PETA's Pothole Wars:

Kentucky Fried Chicken has offered to fill potholes at its own expense in select cities -- but there's a catch. KFC wants to stamp the filled holes with a temporary "Refreshed by KFC" logo. People for the Ethical Treatment of Animals objects to this, arguing that any city that accepts the offer is supporting "Kentucky Fried Cruelty." So PETA is offering to fill potholes too. If cities decline KFC's offer, and accept PETA money instead, it will fill potholes and stamp them with the words "KFC Tortures Animals."

Sounds fair. How is this any different than PETA advertising on a bus?
4.4.2009 12:18pm
Stormy Dragon (mail) (www):
Given that torturing animals is generally a crime, isn't their a risk of a libel lawsuit here?
4.4.2009 12:29pm
Pizza Snob:
Great! Free pothole filling for all!

City leaders would be wise to pick KFC; if the company flakes on the agreement, or even comes up short, I'd bet on PETA being agreeable to picking up the slack. I somehow doubt it would work that way if you reversed it.
4.4.2009 12:33pm
Actually, if it's analogous to a bus then the city cannot discriminate and must allow both (and any others) to advertise on their potholes on equal terms, at least in the first circuit.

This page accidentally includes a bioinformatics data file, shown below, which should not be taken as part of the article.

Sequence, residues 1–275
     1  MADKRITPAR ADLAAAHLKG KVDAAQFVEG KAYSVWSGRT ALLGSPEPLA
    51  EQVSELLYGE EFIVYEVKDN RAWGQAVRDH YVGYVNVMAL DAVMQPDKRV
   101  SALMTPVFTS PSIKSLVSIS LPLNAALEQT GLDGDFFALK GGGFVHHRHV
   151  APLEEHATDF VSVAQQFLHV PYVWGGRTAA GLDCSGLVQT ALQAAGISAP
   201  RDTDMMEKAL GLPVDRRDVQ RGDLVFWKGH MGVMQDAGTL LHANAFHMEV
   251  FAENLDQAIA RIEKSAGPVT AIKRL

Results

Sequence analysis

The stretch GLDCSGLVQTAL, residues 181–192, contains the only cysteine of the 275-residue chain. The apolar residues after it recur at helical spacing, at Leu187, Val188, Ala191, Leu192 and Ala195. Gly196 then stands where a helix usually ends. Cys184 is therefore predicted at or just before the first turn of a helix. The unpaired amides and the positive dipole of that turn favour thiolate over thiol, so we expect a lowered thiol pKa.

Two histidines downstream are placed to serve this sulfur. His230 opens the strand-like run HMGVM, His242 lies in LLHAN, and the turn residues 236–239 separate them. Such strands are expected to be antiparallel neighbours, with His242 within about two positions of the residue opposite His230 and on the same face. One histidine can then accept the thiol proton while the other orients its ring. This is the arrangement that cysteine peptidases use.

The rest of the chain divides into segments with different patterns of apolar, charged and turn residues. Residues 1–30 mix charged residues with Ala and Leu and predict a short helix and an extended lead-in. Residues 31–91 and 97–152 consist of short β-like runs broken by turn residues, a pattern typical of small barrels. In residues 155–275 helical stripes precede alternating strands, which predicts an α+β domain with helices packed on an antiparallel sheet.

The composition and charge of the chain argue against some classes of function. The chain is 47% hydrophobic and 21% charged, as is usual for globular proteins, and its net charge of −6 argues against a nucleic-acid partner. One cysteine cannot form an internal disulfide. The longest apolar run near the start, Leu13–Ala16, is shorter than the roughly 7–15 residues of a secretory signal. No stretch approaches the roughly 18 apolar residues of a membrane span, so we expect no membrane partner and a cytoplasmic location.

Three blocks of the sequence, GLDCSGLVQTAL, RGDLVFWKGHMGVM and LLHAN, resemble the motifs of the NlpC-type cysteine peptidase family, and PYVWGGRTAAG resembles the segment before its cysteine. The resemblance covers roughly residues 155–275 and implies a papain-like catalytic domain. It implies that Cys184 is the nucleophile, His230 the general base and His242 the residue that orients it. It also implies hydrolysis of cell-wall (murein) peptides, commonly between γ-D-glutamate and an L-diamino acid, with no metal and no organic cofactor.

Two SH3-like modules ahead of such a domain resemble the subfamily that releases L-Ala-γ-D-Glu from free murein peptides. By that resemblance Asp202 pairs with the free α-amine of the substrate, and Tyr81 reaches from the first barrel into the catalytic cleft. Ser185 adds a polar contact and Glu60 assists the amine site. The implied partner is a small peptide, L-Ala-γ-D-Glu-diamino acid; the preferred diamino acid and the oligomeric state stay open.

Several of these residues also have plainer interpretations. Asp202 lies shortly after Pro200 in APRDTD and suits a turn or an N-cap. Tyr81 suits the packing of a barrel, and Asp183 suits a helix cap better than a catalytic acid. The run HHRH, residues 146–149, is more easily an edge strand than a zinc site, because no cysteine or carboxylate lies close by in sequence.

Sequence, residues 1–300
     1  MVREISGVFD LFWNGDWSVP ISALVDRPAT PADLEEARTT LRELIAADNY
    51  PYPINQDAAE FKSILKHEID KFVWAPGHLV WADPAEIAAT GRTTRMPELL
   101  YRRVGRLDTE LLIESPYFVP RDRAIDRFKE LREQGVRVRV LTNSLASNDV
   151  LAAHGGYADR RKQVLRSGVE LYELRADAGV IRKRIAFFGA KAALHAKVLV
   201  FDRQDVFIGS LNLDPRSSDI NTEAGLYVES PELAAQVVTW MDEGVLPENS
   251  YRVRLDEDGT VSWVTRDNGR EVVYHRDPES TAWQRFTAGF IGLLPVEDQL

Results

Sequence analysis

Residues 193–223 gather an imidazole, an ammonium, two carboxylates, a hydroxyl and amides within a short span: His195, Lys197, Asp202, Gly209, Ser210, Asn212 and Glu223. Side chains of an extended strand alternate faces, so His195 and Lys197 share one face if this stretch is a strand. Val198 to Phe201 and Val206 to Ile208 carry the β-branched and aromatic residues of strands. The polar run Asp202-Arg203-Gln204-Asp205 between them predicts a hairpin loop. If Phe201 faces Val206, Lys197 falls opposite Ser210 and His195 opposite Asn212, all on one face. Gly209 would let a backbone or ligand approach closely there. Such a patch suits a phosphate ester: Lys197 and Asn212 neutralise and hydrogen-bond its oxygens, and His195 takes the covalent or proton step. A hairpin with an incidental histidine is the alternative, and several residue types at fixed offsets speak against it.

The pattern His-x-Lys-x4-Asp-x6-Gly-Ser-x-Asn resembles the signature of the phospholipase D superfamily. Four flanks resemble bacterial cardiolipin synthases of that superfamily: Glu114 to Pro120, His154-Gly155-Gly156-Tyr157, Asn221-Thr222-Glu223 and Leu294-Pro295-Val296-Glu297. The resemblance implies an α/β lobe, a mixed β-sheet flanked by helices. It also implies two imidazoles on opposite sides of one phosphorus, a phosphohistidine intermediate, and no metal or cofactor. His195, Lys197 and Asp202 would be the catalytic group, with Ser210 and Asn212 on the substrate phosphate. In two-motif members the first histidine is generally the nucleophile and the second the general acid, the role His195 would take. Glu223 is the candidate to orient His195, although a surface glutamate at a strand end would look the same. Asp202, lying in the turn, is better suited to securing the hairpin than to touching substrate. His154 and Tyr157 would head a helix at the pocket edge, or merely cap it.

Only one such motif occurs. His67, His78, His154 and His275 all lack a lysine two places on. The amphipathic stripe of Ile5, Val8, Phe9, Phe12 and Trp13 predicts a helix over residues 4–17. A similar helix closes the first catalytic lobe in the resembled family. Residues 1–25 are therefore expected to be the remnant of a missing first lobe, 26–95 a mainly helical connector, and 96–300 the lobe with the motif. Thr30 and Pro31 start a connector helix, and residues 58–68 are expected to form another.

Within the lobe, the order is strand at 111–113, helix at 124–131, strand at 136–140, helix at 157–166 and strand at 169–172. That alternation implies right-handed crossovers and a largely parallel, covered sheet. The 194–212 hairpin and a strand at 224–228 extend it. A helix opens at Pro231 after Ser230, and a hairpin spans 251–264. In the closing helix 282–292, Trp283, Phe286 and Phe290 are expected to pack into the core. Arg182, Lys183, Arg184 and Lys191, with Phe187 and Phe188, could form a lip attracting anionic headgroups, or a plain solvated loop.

4.4.2009 12:39pm
Mike Wilson (mail) (www):

"We Helped" vs. "They're Evil"
4.4.2009 12:52pm
My solution, adopt a policy that who ever fills a pothole first gets to stamp it. You will have roving repair crews scowering the city in a race to patch potholes... everyone wins!
4.4.2009 12:54pm
Well, PETA's slogan is true from their prospective, almost. People are animals, PETA people (re: animals) are vegans and don't eat chicken, fried chicken is very enticing (some say KFC's is finger liking good). It can be torture to refrain from eating fried chicken, therefore KFC tortures PETA animal people with their tasty fried chicken.
4.4.2009 1:09pm
Soronel Haetir (mail):
I too was wondering about the possible libel issues with such a move by PETA.
4.4.2009 1:16pm
Sam H (mail):
So People Eating Tasty Animals might really do some good for once?

My solution, adopt a policy that who ever fills a pothole first gets to stamp it. You will have roving repair crews scowering the city in a race to patch potholes... everyone wins!